A major confrontation between the Insolvency Service and the ‘new’ management of the Grand is brewing and could result in both civil and criminal proceedings.
On one side we have MacIntyre Hudson, appointed by the Official Receiver (The Insolvency Service) to locate, secure and then sell all the assets that belonged to Michael and Doris Stainer and the various companies wound up in 2018. The cash raised will go to pay off the creditors who include HMRC and the service charge account of the Grand, and quite possibly others. On the other side we have the bankrupt Stainers (pictured below), and the new management of the Grand in the guise of Robert Graham Moss from Rye, and the ever-present loyal Stainer gofer Robert Richardson (pictured below), who still works – when actually around — for and under the direction of Michael Stainer, according to our Grand sources.
So what is the battleground? It is the cash-cow of the 18 leasehold flats previously owned jointly and separately by the Stainers prior to their bankruptcies. Their use as holiday flats underpins/subsidises the whole commercial operation at the Grand according to Michael Stainer and his former solicitor, Andrew Duncan. It is claimed they gross around £350,000 per annum. It has been argued by Stainer and his acolytes, that the Association of Residents in the Grand, and in particular their chairperson, Peter Cobrin, are hell-bent on destroying the commercial interests in the Grand. We have trawled all the extensive submissions, evidence and decisions relating to the Grand over the last 8 years, and can find no evidence to support this other than the claims of the Stainers. In fact, the evidence suggests the contrary. The residents, in the words of one long standing resident, “need the commercial arm of the Grand to succeed and prosper” to pay the 25% contribution to maintenance imposed by the Property Tribunal and upheld on appeal.
The battle is in fact for control of these 18 flats. These now vest in the Trustee in Bankruptcy, and he wants the lettings to cease, the keys handed over and to get on with valuing and selling them. He might of course discover that they are mortgaged to the hilt, but this won’t deter HMRC from pursuing every penny wherever it may be found — or hidden, even if abroad…………
How this recovery process was to take place was shrouded in confidentiality. Luckily for us, Michael Stainer filed some very interesting documents in the High Court in an attempt to secure Judicial Review of the Tribunal decision referred to above, and to secure an injunction to shut down the efforts of the new manager, Alison Mooney, to do her job.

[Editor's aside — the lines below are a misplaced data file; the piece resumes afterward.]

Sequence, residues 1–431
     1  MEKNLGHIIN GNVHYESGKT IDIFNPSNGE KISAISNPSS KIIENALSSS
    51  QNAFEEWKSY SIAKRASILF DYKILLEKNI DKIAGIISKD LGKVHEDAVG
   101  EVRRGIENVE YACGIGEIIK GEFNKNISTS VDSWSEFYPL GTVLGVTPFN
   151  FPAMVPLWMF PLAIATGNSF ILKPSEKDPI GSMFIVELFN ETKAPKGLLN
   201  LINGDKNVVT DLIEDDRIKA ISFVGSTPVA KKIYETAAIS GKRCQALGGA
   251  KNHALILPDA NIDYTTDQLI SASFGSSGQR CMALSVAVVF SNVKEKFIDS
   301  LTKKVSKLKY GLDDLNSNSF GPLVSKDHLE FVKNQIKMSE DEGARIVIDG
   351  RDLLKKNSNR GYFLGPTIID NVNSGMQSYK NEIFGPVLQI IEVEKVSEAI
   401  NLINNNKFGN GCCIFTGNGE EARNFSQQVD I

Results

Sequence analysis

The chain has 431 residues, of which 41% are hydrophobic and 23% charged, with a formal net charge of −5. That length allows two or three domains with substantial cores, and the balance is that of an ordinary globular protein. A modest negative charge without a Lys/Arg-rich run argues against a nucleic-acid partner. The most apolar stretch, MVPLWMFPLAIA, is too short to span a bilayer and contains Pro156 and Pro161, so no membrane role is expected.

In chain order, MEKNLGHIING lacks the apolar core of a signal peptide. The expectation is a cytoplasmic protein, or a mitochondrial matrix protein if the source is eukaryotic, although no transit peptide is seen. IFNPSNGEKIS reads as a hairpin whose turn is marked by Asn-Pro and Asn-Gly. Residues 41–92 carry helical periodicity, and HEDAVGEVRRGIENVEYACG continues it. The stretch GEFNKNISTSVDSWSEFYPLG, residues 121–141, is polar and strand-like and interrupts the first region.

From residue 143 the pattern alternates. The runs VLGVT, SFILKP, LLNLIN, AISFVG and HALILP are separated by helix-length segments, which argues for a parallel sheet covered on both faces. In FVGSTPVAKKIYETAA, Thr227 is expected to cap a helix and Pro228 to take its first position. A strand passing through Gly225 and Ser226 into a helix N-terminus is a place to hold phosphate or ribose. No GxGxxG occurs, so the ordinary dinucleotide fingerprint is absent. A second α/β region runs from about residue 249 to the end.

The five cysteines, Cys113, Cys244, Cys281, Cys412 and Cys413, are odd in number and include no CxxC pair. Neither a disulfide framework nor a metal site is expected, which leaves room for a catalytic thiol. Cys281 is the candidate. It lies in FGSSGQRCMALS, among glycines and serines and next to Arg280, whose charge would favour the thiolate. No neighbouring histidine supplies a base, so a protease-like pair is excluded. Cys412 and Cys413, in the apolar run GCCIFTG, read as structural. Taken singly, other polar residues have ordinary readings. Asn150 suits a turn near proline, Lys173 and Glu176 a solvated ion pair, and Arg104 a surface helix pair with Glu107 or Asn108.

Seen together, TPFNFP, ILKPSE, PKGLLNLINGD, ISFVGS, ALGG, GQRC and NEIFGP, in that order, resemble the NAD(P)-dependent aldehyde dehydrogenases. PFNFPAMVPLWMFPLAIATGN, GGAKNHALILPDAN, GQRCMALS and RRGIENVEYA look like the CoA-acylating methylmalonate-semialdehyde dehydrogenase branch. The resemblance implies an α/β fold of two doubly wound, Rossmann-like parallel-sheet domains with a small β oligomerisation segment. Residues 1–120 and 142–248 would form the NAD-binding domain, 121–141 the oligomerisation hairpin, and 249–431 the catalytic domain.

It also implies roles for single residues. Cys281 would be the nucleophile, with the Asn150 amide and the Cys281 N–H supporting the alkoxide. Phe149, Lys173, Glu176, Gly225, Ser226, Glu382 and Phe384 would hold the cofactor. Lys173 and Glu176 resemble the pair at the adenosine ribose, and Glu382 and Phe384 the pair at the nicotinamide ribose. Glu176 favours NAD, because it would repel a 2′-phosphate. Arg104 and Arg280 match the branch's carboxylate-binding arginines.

Let’s forget that the Stainers do not have the legal capacity as bankrupts to litigate except in regard to their own bankruptcy. Luckily the Insolvency Practitioner didn’t forget and blew the whistle on that escapade. But buried amidst some emails was one from the Insolvency Practitioner to Robert Moss, sent immediately after a meeting on Monday, January 28th. The reason for using this in Court was to try and suggest that Mrs Mooney was pressurising the Insolvency Practitioner to shut down the flats, therefore exceeding her powers. This ignored the fact that this usage was in breach of the leases, and that the tribunal appointed Manager, Mrs Mooney is obliged to enforce lease covenants.
Here is the email in full, courtesy of Michael Stainer:
So how did Mr Moss respond? Clearly the first thing he did was hand this email over either to Michael Stainer or gofer/lackey Robert Richardson (pictured below), judging from the speed with which it went into the document bundle. As to the second thing he did, if you were hoping to hear the clink of keys being handed over, you’d be profoundly disappointed. His response was a polite refusal to comply. We assume it was polite as by all accounts, Mr Moss is both polite and charming. But a refusal it was.
So clinking keys remains on the agenda, if not courtesy of Mr Moss, but quite possibly by virtue of the authorities exercising their powers. Non-cooperation with the Insolvency Service is no laughing matter. Acting under the directions of a bankrupt in the management of the companies of which the bankrupt was once a director is a criminal offence. While we are not suggesting this is in fact the situation, we would counsel great caution on the part of those ostensibly in control of the Grand.
As a final note, our thoughts go out to the staff of the Grand. A lot of blame, opprobrium and downright malicious abuse is thrown at those who speak up for, represent and report the goings-on in the Grand. If the commercial arm closes and jobs are lost, the sole address for this is as follows:
Michael Stainer c/o The Grand.
The Shepwayvox Team
Dissent is NOT a Crime